FIG. 12 is a graph showing a reproduction signal obtained by reproducing a multilevel recording mark recorded on the optical information recording medium of the present invention; and

FIG. 13 is a schematic view of an optical disk drive according to another embodiment of the present invention.

DETAILED DESCRIPTION OF THE INVENTION

An embodiment of the present invention will be described below with reference to the accompanying drawing.

FIG. 1 is a sectional view showing the layer structure of an optical information recording medium according to an embodiment of the present invention. FIG. 2 is a sectional view showing the layer structure of the optical information recording medium according to the embodiment of the present invention in more detail.

As shown in FIG. 1, the optical information recording medium ha a substrate 120, reflecting layer 130, second information layer 140, transparent separation layer 150, first information layer 160, and cover layer 170. For example, the reflecting layer 130 is about 100-nm thick, each of the second information layer 140 and first information layer 160 is about 150-nm thick, and the transparent separation layer 150 is about 20- to 30-μm thick. A light beam with which the first information layer 160 and second information layer 140 are irradiated becomes incident from a light incident surface 170 a of the cover layer 170.

As shown in FIG. 2, the second information layer 140 has a transparent film 141, interface film 142, recording film 143, interface film 144, and transparent film 145. The first information layer 160 has a third transparent film (third dielectric film) 161, second transparent film (second dielectric film) 162, first transparent film (first dielectric film) 163, interface film 164, recording film 165, interface film 166, and transparent film 167.

FIGS. 1 and 2 show the layer structure of a single-sided, two-layered medium. Even a single-sided, n-layered medium has at least the first information layer 160 and second information layer 140. It is important to design the single-sided, two-layered medium such that a high-quality reproduction signal tan be obtained from these information layers.

Let Ra1 be the reflectance from the first information layer 160 when the recording film of the first information layer 160 is in an amorphous state. Let Rc1 be the reflectance from the first information layer 160 when the recording film of the first information layer 160 is in a crystal state. When the first information layer 160 is designed to have a Low-to-High polarity, it is preferable to first design Ra1−Rc1 as high as possible and then design Rc1 as low as possible. When the first information layer 160 is designed to have a High-to-Low polarity, it is preferable to first design Rc1−Ra1 as high as possible and then design Ra1 as low as possible. To ensure a sufficient amount of light beam to access the second information layer 140, the light transmittance across the first information layer 160 must be about 50% or more.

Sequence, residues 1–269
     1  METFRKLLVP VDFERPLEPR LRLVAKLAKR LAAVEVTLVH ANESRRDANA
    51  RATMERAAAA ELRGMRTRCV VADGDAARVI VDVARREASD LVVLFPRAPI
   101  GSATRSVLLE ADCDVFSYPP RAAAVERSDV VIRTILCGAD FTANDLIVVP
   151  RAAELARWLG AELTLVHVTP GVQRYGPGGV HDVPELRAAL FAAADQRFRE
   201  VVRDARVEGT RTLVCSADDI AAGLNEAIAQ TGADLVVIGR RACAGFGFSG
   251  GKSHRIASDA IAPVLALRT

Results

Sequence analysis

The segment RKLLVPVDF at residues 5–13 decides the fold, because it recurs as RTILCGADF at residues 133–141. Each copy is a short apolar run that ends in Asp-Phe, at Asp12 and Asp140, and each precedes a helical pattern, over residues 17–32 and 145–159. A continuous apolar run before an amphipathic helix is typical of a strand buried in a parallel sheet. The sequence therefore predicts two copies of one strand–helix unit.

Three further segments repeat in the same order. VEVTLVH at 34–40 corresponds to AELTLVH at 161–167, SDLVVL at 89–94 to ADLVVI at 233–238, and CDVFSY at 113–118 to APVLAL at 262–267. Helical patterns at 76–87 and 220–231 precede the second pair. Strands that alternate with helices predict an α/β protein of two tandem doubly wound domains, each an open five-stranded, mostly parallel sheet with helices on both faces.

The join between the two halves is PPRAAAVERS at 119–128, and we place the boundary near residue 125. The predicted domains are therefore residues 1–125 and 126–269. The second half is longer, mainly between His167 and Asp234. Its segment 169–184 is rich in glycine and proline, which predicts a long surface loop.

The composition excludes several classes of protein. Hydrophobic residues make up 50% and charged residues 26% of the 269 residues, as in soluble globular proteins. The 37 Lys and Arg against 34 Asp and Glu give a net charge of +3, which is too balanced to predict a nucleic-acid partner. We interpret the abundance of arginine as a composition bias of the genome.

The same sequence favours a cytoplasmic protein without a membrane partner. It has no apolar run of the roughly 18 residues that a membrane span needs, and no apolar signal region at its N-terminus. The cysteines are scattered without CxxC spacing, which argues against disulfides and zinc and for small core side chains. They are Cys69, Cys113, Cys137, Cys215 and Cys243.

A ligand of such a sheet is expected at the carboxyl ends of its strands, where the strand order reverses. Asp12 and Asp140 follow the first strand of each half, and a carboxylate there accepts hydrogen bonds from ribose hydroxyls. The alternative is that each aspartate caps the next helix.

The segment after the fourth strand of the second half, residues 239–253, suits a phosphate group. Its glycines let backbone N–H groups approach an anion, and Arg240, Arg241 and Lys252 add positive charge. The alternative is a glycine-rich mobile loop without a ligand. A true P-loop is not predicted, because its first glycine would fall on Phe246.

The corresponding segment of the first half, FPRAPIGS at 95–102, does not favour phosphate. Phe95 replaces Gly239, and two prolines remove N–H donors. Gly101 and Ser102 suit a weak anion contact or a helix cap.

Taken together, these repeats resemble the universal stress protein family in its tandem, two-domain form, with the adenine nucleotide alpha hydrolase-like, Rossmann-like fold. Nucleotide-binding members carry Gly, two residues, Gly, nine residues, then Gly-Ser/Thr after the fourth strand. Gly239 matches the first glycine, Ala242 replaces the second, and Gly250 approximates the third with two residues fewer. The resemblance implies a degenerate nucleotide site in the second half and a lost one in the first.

The following conditions are required to satisfy the above conditions. First, to obtain a light transmittance of 50% or more across the first information layer 160, the thickness of the recording film of the first information layer 160 must be set in an appropriate range. For example, when a GeSbTe-based recording film is used, or when an InSbTe-, AgInSbTe-, or AgInSbTe-based recording film is used, the recording film thickness is set to 8 nm or less. For the reflectance relationship between the crystal state and the amorphous state, a light-absorbing film can be effectively formed on the opposite side of the light incident surface 170 a with respect to the recording film. Especially, when an optical constant is defined as n−ik, a film with small n and large k is effective. An example is disclosed in the above-described ISOM 2000, Tech. Digest We-C-01. In this example, a silver alloy is used.

However, first, when the recording film thickness is decreased, the reflectance difference between the amorphous state and the crystal state becomes small to reduce the reproduction signal intensity. In addition, since the crystallization speed decreases, the erase rate degrades.